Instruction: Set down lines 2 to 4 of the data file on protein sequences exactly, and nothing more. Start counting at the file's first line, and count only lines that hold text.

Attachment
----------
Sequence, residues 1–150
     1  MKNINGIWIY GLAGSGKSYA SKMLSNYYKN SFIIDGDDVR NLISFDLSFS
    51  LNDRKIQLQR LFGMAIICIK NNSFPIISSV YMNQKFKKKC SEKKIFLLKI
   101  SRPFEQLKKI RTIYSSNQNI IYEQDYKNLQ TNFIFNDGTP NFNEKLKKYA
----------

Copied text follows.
     1  MKNINGIWIY GLAGSGKSYA SKMLSNYYKN SFIIDGDDVR NLISFDLSFS
    51  LNDRKIQLQR LFGMAIICIK NNSFPIISSV YMNQKFKKKC SEKKIFLLKI
   101  SRPFEQLKKI RTIYSSNQNI IYEQDYKNLQ TNFIFNDGTP NFNEKLKKYA